Guildford Dragon article + 3 Comments
One of the leading players to have emerged is the leader of the Guildford Greenbelt Group – Susan Parker
The Local Plan is undoubtedly contentious: it has roused feelings rarely seen in local politics, at least in Surrey.
One of the leading players to have emerged is the leader of the Guildford Greenbelt Group, even those who disagree with her stance must admire her energy. The Guildford Dragon NEWS decided it was time we knew a bit more about her…
Questions asked by Martin Giles
Tell me something about your background
I’m an Essex grammar-school girl, first in the family to go to university, and I trained as a Chartered Accountant after reading English at Oxford. After qualifying I stayed for about a year then went into the City, and spent some years in corporate finance – mergers and acquisitions, mostly with Samuel Montagu, now the HSBC Investment Bank.
After our second child was born I stopped working in the City and our family moved out of London to Guildford. We wanted our children to grow up in the countryside, not in the town, and my husband was prepared to commute a long distance in order to give them the benefit of a rural upbringing.
I then set up my own accountancy practice – as well as being a full time Mum. I’ve now got two children at university and some more time on my hands.
Which part of Guildford Borough do you live in and why?
We live just outside the village of Gomshall, in the Surrey Hills. The area is in the AONB [Area of Outstanding Natural Beauty], and is one of the most beautiful areas in the South of England. It is surrounded by sites of special scientific interest, National Trust land, common, woods and fields, with views from the downs across the Surrey Hills and into the Weald of Kent.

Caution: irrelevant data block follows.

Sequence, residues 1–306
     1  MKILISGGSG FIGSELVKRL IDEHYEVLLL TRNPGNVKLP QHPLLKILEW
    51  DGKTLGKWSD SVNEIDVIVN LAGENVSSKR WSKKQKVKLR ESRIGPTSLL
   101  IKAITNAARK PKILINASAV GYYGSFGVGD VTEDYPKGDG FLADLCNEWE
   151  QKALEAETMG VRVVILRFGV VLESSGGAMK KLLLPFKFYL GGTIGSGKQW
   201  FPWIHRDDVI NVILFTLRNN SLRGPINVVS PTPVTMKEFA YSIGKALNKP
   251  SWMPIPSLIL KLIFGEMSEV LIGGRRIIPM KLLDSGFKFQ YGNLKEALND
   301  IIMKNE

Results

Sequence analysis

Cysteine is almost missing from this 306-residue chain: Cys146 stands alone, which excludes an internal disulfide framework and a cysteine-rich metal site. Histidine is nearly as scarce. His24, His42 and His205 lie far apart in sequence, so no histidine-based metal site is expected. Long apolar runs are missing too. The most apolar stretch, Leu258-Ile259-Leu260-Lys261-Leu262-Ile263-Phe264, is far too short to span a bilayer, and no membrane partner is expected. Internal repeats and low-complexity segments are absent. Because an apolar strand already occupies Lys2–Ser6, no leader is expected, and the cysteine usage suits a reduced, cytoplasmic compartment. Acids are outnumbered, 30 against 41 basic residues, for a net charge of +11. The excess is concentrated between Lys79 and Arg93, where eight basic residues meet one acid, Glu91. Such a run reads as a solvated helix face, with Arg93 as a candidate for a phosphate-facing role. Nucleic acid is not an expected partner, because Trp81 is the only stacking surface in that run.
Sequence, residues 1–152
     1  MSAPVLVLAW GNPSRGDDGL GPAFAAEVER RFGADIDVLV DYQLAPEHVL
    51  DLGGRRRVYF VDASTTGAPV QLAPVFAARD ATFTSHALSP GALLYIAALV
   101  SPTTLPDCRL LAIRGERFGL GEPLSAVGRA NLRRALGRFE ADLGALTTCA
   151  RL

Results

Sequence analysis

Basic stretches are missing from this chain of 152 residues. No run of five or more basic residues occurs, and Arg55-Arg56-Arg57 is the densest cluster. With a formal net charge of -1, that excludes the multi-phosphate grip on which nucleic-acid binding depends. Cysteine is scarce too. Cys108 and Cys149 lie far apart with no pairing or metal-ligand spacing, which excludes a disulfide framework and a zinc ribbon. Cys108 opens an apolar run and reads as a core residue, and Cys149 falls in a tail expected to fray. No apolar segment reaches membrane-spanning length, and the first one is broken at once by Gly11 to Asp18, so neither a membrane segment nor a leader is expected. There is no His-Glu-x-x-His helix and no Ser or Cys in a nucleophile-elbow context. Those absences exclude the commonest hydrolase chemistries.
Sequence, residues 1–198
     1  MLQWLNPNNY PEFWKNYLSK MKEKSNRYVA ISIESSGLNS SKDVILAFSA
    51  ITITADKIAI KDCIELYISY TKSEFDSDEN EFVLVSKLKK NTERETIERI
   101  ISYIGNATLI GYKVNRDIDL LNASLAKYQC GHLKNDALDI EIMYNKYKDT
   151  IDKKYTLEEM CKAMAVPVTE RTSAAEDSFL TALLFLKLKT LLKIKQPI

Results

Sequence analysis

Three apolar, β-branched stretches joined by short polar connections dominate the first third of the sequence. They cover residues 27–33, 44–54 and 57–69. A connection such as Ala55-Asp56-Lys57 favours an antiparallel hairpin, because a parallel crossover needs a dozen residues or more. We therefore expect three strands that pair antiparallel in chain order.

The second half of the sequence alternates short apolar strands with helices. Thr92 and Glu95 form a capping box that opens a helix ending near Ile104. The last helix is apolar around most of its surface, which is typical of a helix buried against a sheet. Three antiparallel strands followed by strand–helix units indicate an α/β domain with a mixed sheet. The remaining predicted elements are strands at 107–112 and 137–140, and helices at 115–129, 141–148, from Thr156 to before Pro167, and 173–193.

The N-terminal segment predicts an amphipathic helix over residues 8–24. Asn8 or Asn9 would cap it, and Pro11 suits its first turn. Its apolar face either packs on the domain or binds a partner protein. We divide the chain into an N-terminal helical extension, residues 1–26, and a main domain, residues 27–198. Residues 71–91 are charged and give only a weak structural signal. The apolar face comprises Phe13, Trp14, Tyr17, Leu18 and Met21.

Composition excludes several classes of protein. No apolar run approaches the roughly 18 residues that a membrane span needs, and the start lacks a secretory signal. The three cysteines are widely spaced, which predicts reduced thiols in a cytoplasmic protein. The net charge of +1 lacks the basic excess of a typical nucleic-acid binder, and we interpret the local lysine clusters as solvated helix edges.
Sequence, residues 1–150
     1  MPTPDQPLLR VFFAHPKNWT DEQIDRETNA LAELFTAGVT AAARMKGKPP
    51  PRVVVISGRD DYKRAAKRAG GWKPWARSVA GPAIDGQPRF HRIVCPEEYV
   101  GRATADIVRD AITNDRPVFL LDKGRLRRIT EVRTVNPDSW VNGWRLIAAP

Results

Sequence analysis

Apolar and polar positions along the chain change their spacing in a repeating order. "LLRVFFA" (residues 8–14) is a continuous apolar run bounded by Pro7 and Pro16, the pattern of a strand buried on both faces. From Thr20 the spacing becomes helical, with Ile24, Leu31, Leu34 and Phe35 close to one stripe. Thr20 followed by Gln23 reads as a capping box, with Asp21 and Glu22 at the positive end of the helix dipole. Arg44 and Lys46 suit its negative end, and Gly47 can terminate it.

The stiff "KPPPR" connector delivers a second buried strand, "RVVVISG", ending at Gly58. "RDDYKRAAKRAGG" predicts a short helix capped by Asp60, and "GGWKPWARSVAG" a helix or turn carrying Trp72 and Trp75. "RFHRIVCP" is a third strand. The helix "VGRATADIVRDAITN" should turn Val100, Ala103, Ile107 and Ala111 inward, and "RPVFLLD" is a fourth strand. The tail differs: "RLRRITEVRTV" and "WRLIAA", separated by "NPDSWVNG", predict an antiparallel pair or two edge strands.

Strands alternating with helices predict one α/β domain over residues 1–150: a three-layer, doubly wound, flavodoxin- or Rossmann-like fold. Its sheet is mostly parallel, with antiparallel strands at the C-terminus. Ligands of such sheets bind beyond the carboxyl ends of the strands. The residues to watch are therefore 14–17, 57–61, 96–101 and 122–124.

We spent a year looking for beautiful places to live within commuting distance of London and the borough of Guildford was the most beautiful, most rural and least spoiled by over-development.
What made you decide to start campaigning about the green belt?
I care passionately about the countryside; in the borough of Guildford that usually means the green belt. It is of enormous importance to us all, so it shouldn’t be treated as a building site by the housing industry.
It’s beautiful and other benefits include: air quality for towns; the capacity of the land to act as a sponge in flood zones; protection of wildlife and areas of biodiversity; recreation for the cities; and available agricultural land in the temperate zones for food production.
Existing businesses, residents and wildlife also have a stake in the future. The current rules, under the National Planning Policy Framework [NPPF], is heavily biased in favour of house builders and developers against all other members of the community. We should recognise that land outside the towns is not “unused”.
Why did you, together with other campaign groups, form the Guildford Greenbelt Group?
The Local Plan represents a fundamental developer-led assault not only on one site but on the green belt across the borough. This is a national problem but it’s particularly serious here. That’s partly because the green belt here is so very beautiful, but also because the proposed housing numbers are so high, much higher than in any other Surrey boroughs, and of those 13,040 proposed homes, between 62 and 72 per cent are proposed for greenfield sites outside the urban area. That will result in a swathe of development from Leatherhead to Aldershot, so that the green belt will be cut through with a rash of executive housing estates which will be hardly “affordable”.